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Ultrabook reviews, guides and comparisons
Andrei Girbea Rating: 3.5 out of 5

Lenovo ThinkPad L450 review – Broadwell in a rugged package

6 Comments

  1. John Stalkot

    April 15, 2015 at 8:16 pm

    Hi guys, can anyone recommend a windows laptop for music production? No games at all. As far as my understanding goes, CPU and RAM are most important, with a decently sized SSD being convenient. Right now I’m looking at the XPS 13, Asus UX303, UX305. It doesn’t have to be a super slim laptop with long lasting battery but these look like the best so far anyway. Anyone have any other recommendations?

    • Andrei Girbea

      April 16, 2015 at 2:26 pm

      I’d stay away from the UX305, that’s a low-performance laptop. The XPS 13 2015, the Asus UX303, the Acer Aspire S7-393, those are solid options. If budget is not an issue, the Zenbook UX301LA with Broadwell hardware should be on the list as well, it’s the fastest 13 inch Windows ultrabook available right now. Of course, the Macbooks are also an option if you don’t necessarily require a Windows laptop

  2. Dmitry

    July 25, 2015 at 8:28 am

    Hi! Thank you for interesting review! Is it possible to replace 16 Gb m2.SSD with SSD of more capacity, so to have a configuration (500 GB HDD + 256 SSD)?

    • Andrei Girbea

      July 26, 2015 at 8:30 am

      The SSD is used for caching and not as a stand-alone drive here. However, with most laptops it is possible to use it for caching, so it might be the same here. Can’t guarantee though. Just keep in mind the size of that SSD. a Regular 60 or 80 mm drive won’t fit.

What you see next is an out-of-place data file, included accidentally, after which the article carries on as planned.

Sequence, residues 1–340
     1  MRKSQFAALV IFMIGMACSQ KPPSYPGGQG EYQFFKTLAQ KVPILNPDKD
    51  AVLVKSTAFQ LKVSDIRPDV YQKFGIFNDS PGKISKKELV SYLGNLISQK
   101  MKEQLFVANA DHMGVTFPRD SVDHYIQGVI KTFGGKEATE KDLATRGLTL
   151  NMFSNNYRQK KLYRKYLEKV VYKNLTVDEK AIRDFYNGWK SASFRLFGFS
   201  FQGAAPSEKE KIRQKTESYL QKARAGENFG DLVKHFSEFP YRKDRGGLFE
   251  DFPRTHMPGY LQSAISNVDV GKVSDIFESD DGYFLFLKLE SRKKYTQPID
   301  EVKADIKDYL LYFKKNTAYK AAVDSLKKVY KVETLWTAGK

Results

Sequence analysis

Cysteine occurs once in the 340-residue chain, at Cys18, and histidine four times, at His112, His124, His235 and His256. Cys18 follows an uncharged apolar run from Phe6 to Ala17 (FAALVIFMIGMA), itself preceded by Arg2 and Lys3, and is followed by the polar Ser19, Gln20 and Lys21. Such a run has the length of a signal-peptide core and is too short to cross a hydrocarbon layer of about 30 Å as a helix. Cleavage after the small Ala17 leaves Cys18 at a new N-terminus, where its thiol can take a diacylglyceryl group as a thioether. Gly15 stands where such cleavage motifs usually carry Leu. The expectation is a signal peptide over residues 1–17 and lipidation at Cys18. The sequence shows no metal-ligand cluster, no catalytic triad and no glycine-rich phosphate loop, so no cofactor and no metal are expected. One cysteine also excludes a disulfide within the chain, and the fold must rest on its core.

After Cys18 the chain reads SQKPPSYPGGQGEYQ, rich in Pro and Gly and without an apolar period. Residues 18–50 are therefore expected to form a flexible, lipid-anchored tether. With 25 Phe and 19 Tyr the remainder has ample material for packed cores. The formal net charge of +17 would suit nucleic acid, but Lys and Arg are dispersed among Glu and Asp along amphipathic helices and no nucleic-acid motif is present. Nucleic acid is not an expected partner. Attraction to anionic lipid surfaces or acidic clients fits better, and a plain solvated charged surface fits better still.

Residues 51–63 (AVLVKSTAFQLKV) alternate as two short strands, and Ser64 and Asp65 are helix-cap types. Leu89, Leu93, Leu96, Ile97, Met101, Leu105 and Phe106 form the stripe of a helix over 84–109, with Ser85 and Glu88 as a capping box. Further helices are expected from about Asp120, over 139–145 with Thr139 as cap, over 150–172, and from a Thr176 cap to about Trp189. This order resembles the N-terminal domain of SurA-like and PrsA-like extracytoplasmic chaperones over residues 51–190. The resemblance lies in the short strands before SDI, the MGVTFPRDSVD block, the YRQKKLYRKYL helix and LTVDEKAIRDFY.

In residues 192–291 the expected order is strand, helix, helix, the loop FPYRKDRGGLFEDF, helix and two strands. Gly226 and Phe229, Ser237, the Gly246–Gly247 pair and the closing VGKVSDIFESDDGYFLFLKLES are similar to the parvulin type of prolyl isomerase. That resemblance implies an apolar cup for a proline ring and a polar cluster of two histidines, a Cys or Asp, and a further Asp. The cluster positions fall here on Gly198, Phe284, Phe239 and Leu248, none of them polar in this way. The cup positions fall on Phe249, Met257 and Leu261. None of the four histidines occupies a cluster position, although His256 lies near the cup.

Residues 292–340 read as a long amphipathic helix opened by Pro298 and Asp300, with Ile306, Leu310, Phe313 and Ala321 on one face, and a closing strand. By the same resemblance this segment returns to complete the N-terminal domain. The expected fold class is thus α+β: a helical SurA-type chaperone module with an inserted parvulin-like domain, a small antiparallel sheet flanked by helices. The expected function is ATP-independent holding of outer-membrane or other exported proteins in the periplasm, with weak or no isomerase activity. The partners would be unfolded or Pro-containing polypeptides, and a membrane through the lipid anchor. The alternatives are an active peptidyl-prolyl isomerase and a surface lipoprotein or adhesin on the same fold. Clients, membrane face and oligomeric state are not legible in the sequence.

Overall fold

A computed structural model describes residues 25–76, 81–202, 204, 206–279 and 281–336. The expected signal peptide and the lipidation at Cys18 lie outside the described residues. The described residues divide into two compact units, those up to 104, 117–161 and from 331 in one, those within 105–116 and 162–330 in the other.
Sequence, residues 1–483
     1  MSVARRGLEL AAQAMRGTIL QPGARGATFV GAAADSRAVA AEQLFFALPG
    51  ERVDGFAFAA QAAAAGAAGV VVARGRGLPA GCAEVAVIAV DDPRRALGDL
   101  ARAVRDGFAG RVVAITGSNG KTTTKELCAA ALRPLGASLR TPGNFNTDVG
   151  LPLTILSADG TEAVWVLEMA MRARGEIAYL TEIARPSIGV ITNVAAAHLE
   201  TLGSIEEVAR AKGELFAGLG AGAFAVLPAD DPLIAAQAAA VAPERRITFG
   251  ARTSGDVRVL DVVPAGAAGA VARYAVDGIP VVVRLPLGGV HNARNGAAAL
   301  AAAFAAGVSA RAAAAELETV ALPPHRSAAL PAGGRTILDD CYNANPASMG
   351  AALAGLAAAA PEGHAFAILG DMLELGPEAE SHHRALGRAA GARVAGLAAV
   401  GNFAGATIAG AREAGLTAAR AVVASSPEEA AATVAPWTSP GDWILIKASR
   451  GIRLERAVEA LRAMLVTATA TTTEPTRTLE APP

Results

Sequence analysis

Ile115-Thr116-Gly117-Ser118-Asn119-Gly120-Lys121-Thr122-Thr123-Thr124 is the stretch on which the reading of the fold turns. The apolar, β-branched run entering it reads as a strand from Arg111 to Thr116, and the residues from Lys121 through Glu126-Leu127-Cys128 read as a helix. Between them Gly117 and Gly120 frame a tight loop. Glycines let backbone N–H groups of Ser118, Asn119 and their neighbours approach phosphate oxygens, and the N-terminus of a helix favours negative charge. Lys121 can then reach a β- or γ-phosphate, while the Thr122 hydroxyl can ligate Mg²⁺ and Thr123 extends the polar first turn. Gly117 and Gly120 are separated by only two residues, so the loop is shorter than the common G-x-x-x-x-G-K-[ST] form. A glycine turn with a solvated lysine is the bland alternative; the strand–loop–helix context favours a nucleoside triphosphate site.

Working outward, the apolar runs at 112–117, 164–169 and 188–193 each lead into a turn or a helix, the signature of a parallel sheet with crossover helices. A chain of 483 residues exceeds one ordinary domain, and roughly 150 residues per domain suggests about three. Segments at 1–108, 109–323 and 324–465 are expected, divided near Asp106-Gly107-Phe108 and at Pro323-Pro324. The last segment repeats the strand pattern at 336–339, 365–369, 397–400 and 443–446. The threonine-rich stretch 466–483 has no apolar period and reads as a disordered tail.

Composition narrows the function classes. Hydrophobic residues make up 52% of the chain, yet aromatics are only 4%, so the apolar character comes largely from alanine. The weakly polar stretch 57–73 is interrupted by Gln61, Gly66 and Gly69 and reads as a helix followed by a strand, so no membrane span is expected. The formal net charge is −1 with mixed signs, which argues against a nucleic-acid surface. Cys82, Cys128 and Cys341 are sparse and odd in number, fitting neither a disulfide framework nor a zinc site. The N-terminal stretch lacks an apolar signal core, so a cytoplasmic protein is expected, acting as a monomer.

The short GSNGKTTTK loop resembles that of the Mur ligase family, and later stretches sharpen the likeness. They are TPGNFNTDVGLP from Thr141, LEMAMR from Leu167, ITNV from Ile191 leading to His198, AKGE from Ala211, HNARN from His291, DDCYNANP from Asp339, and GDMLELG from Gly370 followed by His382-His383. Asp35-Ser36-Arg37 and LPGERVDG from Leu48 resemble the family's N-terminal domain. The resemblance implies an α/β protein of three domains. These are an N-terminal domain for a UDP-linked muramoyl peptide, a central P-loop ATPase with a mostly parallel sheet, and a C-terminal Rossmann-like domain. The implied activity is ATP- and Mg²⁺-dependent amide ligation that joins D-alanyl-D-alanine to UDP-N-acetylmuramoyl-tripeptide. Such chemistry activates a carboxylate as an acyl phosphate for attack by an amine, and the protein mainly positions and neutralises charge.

I think it would be much simpler and probably cheaper to just replace the HDD with a 2.5″ SSD

  3. Alessio M

    January 21, 2016 at 4:46 pm

    Hi Mike, thanks for this interesting review.

    What do you think are the main differences between the Lenovo ThinkPad L450 and the Lenovo ThinkPad E560 (or E460)? What if we compare a similar configuration, for example with Intel Core i5, Full HD display, 4 gb RAM, 500 HHD?
    In Italy (from where I’m writing), the price difference is just about 100€ (= 100$) in favor of the E-type, even with dedicated graphics and hybrid SSHD (while the L-type without these).

    Is the extra-ruggedness of the more expensive L-type really worth it?
    Can it ‘guarantee’ you a couples of years more in terms of durability?

    Ciao!

    • Andrei Girbea

      January 22, 2016 at 12:57 pm

      You should go through these two reviews: notebookcheck.net/Lenovo-ThinkPad-L450-Notebook-Review.140748.0.html and notebookcheck.net/Lenovo-ThinkPad-E460-Core-i5-Radeon-R7-M360-Notebook-Review.154657.0.html

      Personally, I’d get the E460 out of the two. The build quality is decent to good with both of them and there’s little to justify paying more for an older configuration with more limited features.

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